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Self-Authenticating Wills

Self-Authenticating Wills

April 30, 2019

By Johnson/Turner Legal

Creating a last will and testament is an important element of any well-crafted estate plan.  With a last will and testament, you can provide your personal representative as to how you want your assets distributed after you pass on.  Your will can also name your preferred personal representative (also known as an executor), refer to trusts, and provide guidance to the court as to who you believe should be the guardian of your minor children.  With so many important issues being addressed in that document, you should take all appropriate steps to ensure your will is valid.  There are specific requirements in Minnesota for a will to be valid, such as you must have testamentary capacity at the time of signing, it must be in writing, and you must sign the document.  Making sure your will is self-authenticating, also called self-proving, is one step you can take to help make sure your will is enforced.

 older couple signing a paper

Minnesota statute 524.2-504 provides that a will can be made self-proved if the testator and two witnesses sign a specific affidavit that is attached to the will and signed at the same time as the will.  These signatures must be notarized.  Minnesota law provides that any will that includes this affidavit properly executed will be automatically presumed by the probate court to be an authentic will signed by the testator.  Note that the witnesses must sign the document in your presence.  It is a good idea, although not required, to use disinterested witnesses who do not stand to benefit from your will.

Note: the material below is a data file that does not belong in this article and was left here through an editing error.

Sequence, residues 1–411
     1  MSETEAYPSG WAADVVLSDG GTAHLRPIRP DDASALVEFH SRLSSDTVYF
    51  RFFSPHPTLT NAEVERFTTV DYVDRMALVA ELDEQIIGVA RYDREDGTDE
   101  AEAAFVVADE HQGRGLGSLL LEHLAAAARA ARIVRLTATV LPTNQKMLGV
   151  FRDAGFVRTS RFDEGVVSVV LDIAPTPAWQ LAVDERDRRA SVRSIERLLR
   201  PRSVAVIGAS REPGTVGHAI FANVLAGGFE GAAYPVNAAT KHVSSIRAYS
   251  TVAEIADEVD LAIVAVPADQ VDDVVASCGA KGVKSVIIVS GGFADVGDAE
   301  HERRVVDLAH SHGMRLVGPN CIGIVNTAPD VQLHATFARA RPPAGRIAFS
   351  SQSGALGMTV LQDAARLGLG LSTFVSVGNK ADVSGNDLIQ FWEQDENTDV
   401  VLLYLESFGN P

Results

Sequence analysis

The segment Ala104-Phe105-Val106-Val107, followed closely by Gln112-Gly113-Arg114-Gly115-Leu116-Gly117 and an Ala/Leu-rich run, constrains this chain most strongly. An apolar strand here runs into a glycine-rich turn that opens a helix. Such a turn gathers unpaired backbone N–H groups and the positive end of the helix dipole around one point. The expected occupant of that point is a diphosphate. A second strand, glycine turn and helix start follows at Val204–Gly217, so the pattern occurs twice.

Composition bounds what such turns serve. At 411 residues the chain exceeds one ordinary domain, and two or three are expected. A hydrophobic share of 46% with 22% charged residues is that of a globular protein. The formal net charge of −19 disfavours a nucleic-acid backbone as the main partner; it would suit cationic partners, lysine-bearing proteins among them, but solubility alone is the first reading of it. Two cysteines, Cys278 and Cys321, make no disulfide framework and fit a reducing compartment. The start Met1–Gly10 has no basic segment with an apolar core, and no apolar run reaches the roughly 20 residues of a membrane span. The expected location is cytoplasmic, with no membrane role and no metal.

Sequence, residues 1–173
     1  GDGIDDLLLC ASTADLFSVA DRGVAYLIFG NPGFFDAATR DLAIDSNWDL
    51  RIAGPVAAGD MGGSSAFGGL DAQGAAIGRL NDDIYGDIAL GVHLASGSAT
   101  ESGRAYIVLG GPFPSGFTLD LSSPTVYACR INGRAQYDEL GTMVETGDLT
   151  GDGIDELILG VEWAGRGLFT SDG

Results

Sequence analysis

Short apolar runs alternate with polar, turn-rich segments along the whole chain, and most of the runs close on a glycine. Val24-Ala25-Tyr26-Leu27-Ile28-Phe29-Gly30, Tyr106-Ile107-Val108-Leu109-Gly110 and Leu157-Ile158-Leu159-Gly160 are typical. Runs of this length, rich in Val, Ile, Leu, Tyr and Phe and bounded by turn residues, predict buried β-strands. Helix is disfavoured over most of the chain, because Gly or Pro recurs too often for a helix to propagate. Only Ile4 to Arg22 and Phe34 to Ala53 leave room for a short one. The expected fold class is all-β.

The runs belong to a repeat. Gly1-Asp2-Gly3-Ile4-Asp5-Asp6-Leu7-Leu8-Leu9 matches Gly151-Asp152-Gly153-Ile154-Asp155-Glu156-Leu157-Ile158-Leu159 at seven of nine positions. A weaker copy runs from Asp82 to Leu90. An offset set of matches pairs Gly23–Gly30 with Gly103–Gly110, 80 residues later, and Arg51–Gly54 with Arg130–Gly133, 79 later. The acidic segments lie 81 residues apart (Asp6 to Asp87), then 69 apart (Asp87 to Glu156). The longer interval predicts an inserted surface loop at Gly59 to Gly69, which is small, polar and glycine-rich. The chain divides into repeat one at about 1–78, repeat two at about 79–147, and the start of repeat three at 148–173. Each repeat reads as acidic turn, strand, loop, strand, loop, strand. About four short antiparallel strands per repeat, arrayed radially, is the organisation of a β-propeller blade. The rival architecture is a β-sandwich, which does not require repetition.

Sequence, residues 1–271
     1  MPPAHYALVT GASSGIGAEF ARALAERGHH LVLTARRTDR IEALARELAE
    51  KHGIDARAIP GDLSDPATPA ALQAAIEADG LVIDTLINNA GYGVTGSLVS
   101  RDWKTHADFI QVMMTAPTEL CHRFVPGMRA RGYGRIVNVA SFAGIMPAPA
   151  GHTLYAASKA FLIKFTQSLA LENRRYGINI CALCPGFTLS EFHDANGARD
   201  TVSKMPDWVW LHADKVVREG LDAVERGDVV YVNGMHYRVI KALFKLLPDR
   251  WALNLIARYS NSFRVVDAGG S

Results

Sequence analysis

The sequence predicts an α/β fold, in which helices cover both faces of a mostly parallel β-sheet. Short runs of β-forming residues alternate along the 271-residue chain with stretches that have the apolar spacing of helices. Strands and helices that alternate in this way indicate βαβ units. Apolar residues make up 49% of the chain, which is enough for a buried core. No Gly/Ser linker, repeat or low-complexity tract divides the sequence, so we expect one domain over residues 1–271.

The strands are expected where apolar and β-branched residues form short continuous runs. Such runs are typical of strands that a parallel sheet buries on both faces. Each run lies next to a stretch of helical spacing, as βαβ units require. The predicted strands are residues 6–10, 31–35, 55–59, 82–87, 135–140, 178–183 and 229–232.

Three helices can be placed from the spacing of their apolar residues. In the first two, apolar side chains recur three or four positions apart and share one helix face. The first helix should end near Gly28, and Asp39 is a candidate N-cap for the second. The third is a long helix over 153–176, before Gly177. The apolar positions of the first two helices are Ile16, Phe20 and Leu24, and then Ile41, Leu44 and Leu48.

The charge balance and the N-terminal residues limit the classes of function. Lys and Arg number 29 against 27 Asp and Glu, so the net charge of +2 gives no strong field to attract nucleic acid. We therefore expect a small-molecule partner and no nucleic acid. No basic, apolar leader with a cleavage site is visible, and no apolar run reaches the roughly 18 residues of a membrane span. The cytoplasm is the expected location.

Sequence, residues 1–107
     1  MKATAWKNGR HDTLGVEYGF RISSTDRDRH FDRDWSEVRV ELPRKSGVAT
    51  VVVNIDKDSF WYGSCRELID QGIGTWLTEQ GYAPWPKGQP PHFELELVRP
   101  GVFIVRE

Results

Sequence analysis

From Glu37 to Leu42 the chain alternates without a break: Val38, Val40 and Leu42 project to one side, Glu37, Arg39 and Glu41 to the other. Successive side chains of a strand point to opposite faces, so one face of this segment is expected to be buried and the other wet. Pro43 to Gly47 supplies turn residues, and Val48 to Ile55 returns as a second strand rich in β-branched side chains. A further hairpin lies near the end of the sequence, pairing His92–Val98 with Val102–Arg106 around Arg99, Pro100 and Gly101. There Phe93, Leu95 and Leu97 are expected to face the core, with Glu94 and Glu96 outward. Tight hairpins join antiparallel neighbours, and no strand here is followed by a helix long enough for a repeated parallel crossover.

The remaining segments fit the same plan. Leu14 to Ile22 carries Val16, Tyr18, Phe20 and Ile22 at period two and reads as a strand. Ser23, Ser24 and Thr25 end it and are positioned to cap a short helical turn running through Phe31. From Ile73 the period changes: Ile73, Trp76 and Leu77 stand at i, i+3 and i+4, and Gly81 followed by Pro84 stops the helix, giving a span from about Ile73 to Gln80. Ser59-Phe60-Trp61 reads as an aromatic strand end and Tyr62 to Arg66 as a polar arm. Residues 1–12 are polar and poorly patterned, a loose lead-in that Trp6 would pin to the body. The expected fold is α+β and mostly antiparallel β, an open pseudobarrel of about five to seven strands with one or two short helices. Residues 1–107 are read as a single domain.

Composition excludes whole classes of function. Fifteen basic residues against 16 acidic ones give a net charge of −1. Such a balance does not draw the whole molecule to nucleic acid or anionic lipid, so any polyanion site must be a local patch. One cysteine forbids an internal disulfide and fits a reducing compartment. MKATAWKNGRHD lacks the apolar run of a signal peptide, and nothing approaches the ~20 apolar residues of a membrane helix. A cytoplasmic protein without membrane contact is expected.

A self-proved will has the main advantage of making it more difficult to challenge the will.  However, testators should note that the self-proved will is not totally immune to being challenged and struck down as invalid by the court.  The extra hurdle for challenging a will is especially important for those who are disinheriting close relatives or have a non-traditional family structure.  For example, if you have a long-term partner that does not get along with your family, a self-proved will can make it more certain that your partner will inherit as you dictate in your will and your family will be unsuccessful in setting aside your will.

We have extensive experience helping our clients craft wills.  Call us today at (320) 299-4249 to talk about your estate plan.


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